The character name "Professor Hobby" is an obscure reference to Stanley Kubrick, who produced his films in the United Kingdom under the name "Hobby Films," which never appeared on screen in any of his films.
As a promotional tool, the creators developed an elaborate internet game of discovery and problem solving, through hidden messages and puzzles in internet sites, telephone answering messages, e-mail accounts and clues in the film's trailers. The game, set in the world of A.I. involved websites registered in several countries around the world as well as telephone numbers from across the US, and a group of followers called "The Cloudmakers" followed the puzzle, sharing information.
After seeing Chris Cunningham's work on Judge Dredd (1995), Stanley Kubrick head-hunted Chris Cunningham to design and supervise animatronic tests of the central robot child character in his version of the film A.I. Cunningham worked for over a year on the film A.I., before leaving to pursue a career as a director.
John Williams quotes Richard Strauss' "Der Rosenkavalier" waltz in the underscore during the approach Rouge City. This was a done to honor Stanley Kubrick, who left few notes regarding the music except to tell Steven Spielberg that this Strauss waltz should appear in the film. Williams refers to his score, which contains a number of musical allusions to Kubrick's films in addition to the waltz, as his 'homage a Kubrick'.
At the preview showings of the movie, special posters were placed in the theaters with a list of credits for the "Puppetmasters": Jordan Weisman, Elan Lee, Scot Bayless, Sean Stewart, Dan Carver, Pete Fenlon, Todd Lubsen, Paolo Malabuyo, Mark Selander, Mike Pondsmith, Lynn Knight, David Wells, Shawn Ferminger and Christine Hill. No regular movie posters were displayed that night. The "Puppetmasters" were a team from Microsoft, with Steven Spielberg's blessing, and quite outside the studio's wishes, that ran the Internet game. No movie credits were listed. Many of the players' on-line game names were in vertical lists in an outline of the regular A.I. "Initials" movie poster.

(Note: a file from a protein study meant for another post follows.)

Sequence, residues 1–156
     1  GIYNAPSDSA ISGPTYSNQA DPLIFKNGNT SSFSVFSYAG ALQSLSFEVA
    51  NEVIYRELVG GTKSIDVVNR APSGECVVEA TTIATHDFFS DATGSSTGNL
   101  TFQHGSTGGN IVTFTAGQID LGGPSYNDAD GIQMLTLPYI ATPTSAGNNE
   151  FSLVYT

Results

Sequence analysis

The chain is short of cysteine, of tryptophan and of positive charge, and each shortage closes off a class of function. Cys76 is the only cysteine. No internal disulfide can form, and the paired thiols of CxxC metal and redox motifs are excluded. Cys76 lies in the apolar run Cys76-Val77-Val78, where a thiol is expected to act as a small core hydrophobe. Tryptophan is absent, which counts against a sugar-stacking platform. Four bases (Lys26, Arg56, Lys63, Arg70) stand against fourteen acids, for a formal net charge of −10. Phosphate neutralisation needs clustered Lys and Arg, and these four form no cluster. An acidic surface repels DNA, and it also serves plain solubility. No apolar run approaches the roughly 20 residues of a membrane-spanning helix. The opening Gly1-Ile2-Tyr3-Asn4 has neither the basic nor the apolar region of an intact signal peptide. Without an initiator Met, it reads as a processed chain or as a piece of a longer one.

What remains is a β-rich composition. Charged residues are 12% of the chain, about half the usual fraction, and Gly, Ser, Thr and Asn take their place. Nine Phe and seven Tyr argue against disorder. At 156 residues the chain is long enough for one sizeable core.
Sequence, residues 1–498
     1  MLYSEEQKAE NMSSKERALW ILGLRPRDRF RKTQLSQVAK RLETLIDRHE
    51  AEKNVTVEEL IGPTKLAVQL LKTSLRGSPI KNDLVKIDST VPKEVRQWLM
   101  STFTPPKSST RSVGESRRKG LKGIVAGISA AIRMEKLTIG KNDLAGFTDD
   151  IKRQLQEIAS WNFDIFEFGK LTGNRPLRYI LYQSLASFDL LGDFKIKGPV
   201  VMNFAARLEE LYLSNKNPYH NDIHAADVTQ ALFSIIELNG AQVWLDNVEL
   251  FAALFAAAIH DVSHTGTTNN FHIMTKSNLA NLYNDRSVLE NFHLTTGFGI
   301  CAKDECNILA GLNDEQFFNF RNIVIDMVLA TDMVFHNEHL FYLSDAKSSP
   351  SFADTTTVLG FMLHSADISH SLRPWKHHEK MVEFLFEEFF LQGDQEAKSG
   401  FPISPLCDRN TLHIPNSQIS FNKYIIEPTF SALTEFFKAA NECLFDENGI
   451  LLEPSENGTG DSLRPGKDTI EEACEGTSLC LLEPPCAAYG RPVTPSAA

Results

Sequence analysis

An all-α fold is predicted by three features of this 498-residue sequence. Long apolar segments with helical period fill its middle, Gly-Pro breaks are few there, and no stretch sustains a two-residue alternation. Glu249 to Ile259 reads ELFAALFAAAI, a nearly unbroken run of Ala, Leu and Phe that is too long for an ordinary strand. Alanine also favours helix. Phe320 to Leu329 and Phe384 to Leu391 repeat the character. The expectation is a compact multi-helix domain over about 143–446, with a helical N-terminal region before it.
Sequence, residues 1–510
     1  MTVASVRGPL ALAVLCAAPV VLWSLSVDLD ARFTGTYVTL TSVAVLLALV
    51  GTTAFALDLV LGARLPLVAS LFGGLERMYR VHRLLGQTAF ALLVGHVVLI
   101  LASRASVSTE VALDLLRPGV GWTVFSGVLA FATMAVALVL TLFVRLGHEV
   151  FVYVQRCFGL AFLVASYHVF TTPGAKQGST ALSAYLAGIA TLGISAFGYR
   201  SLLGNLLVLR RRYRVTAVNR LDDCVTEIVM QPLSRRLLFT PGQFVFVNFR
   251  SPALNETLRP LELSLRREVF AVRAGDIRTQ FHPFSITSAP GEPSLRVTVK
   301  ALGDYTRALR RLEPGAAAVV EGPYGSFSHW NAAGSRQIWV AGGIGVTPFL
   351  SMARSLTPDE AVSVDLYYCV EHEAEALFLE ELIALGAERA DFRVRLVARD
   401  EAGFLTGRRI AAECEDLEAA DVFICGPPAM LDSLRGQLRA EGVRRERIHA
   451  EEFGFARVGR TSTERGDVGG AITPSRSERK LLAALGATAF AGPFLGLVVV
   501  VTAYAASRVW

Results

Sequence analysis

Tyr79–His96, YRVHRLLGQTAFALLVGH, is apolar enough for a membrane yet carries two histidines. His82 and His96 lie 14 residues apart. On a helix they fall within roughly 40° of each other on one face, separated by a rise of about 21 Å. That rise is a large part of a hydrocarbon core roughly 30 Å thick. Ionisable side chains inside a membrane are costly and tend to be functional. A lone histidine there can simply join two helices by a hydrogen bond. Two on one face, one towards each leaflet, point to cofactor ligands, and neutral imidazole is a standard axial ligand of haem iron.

The screenplay "borrows" liberally from Osamu Tezuka's 1952 manga Tetsuwan Atomu (known as Astro Boy in the English speaking world), in which a scientist creates an emotion-capable boy robot to replace his dead son, but becomes frustrated when he realizes the robot will never grow up or become human. He sells Astro Boy to the Robot Circus, where he's forced to do battle with other robots in gladiator-style combat.
Steven Spielberg cast Kathryn Morris in the role of rock star Teenage Honey after seeing her in The Contender (2000). To prepare for the role Morris took guitar lessons and singing lessons. Spielberg then cast Morris in his next film Minority Report (2002). During the shooting of that film, Spielberg was simultaneously editing this film and Morris's scenes ended up on the cutting-room floor (though she is still credited). Morris told nymag.com "When I saw Steven on the set, he was like, 'Kath, I am so sorry. Do you hate me?' I said, 'You know, somehow me sitting here with you on the set of your film, working opposite Tom Cruise, makes it kind of okay.'
When Gigolo Joe and David fly through the flooded ruins of New York City in the Amphiblicopter, the Statue of Liberty can be briefly seen submerged in the ocean up to the bottom of her torch. In Russell Ash's 1996 book "Incredible Comparisons", it is described that if all the world's ice melted, this is exactly what would happen to the statue.